As surfers, we are blessed to have a relationship with the sea — every epic wave, dawn patrol session, sandy friendship, and reflective sunset… and, truth be told, we owe many of these blessings to one man — John Severson.
In 1960, Severson created surfing’s “collective bible,” Surfer Magazine, which quickly spawned a series of other generation-influencing publications. Attracting a vast, young and eager new audience to a fledging surf industry, Serverson’s lifelong journey was shared with us in every picture he snapped, movie he shot, magazine he edited and brush stroke he laid to canvas.
I never had the pleasure of meeting John, yet, I have seen all his surf movies, read almost every Surfer Magazine printed, and gazed at many of his colorful surf-inspired watercolors and oil paintings. That being said, I have another reason to revere this man — specifically, a personal, life changing influence he had over my family, both directly, and indirectly, shaping our lives.
When my dad – Jim Driver – was 15 years old and and an aspiring surf photog, Severson was kind enough to spend a few moments with him after a screening of his movie, Surf Fever. Armed with amateur surf photos, Severson looked over my dad’s work and encouraged him to keep snapping away. Additionally, he stressed the importance of education to learn how to accompany pictures with words and context. As my dad recalls, it wasn’t an earth shattering conversation, it was more of a fan-bay / hero encounter, yet, it was enough to inspire my then young, now old, man to press on.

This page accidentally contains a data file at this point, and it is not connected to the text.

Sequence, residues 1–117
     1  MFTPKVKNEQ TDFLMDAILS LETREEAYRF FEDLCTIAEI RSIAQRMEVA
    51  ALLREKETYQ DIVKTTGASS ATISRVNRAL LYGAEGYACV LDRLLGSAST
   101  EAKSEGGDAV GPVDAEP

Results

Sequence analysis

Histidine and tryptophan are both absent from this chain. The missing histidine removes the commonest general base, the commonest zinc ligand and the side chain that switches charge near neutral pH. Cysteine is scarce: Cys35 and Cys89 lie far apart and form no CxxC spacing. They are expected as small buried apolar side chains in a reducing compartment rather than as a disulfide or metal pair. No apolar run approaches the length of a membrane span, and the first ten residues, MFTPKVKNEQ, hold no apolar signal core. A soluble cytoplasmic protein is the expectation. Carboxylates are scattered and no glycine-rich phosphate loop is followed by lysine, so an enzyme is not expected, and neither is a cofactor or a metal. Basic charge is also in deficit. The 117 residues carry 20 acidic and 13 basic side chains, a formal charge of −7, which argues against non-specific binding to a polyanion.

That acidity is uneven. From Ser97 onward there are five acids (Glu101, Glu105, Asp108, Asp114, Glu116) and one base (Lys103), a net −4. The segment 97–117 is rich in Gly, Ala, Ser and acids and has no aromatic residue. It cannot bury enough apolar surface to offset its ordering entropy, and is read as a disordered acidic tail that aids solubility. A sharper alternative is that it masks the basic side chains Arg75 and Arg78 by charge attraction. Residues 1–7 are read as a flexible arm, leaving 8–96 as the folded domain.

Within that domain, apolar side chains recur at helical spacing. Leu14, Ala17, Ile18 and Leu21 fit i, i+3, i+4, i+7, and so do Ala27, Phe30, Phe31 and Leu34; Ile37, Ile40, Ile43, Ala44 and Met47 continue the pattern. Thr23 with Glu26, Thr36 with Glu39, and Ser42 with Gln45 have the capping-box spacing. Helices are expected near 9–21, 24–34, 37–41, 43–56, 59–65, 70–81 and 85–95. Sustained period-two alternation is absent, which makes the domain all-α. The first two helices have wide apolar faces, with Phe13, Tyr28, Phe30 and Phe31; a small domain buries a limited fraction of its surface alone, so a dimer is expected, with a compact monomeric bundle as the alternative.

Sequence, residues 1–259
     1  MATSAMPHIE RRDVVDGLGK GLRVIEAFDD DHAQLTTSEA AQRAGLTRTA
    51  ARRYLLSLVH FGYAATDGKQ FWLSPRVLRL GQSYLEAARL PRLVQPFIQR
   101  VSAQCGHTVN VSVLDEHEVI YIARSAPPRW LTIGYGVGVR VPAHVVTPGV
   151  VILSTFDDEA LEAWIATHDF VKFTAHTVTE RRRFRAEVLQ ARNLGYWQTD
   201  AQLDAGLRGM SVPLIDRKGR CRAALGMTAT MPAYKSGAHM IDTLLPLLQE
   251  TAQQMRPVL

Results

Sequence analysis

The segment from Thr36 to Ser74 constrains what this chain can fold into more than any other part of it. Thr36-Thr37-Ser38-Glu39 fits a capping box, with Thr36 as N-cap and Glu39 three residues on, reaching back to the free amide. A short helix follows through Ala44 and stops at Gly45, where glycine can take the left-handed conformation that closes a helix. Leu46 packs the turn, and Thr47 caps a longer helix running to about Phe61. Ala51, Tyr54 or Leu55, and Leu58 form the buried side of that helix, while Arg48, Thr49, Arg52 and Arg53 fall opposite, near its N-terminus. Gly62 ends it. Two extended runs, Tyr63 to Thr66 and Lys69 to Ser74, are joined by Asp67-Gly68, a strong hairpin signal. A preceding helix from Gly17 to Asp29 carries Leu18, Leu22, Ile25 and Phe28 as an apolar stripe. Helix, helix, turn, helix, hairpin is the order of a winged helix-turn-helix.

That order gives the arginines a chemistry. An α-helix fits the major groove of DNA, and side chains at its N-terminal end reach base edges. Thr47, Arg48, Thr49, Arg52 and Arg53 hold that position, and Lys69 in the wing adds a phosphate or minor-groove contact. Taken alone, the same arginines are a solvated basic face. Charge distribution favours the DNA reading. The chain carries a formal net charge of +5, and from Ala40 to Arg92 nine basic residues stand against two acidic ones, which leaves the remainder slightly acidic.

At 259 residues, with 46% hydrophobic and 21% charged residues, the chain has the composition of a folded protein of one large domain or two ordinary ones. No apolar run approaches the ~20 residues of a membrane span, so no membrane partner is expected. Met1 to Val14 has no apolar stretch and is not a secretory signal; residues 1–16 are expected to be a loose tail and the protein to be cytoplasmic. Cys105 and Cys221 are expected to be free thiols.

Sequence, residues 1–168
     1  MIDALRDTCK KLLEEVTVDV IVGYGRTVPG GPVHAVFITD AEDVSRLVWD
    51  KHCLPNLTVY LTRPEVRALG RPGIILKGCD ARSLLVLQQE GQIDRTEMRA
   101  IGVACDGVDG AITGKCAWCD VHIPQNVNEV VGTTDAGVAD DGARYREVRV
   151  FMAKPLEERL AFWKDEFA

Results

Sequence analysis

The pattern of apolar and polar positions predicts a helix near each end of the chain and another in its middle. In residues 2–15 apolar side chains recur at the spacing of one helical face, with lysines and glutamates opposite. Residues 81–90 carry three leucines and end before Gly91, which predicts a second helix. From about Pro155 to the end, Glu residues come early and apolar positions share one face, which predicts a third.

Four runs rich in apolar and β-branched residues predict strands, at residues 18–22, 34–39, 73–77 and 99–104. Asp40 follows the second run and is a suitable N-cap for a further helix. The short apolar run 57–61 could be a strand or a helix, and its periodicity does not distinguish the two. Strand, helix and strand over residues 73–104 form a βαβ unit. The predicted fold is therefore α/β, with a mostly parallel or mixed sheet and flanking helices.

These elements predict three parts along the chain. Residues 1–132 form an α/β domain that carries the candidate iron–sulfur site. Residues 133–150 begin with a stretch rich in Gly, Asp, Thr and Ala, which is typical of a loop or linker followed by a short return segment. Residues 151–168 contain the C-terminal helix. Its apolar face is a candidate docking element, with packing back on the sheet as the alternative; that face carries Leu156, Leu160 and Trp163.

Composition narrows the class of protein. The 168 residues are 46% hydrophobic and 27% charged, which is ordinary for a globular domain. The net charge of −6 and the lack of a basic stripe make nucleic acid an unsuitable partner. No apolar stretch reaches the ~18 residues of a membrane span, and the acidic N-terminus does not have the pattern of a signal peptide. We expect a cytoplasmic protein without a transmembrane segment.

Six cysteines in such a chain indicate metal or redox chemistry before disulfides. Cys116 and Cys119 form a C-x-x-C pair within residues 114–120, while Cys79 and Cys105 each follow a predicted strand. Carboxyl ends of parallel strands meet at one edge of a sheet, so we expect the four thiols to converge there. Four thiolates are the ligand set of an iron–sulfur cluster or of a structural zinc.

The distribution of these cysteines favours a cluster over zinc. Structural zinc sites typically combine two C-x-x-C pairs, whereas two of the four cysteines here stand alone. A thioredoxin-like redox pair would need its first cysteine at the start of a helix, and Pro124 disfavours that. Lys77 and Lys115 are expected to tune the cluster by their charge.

A few years later, as my Dad graduated from High School, Severson’s Surfer Magazine published one of his surf photos; a shot of his buddy, Greg Tucker, at Seal Beach. This validation gave my dad the encouragement needed to keep developing his craft.
A few years later, after many of Jim Driver’s pictures and words were published in Surfer Magazine (and other pubs,) his draft number got called for what President Lyndon Baines Johnson dubbed “the Vietnam Conflict.” My dad, enrolled at Santa Barbara’s Brooks Institute of Photography at the time, was assigned to duty as a military “photographer” because of his experience as a published, SURFER photographer.
Avoiding conflict and spending the next few years of his military life in Germany, taking pictures, Jim Driver met my mother, birthed me, Bobby (the first of three kids) and eventually returned to the beaches of Southern California.
The story of how John Severson influenced my family’s life continues to this day; with an ocean of lessons learned and waves ridden. A simple “Thank you” is not enough, but it’s all I have.
Thank you sir, for painting a colorful surf canvas that swayed and influenced my Dad’s life, protected him during conflict, and spawned my own life during a time of war.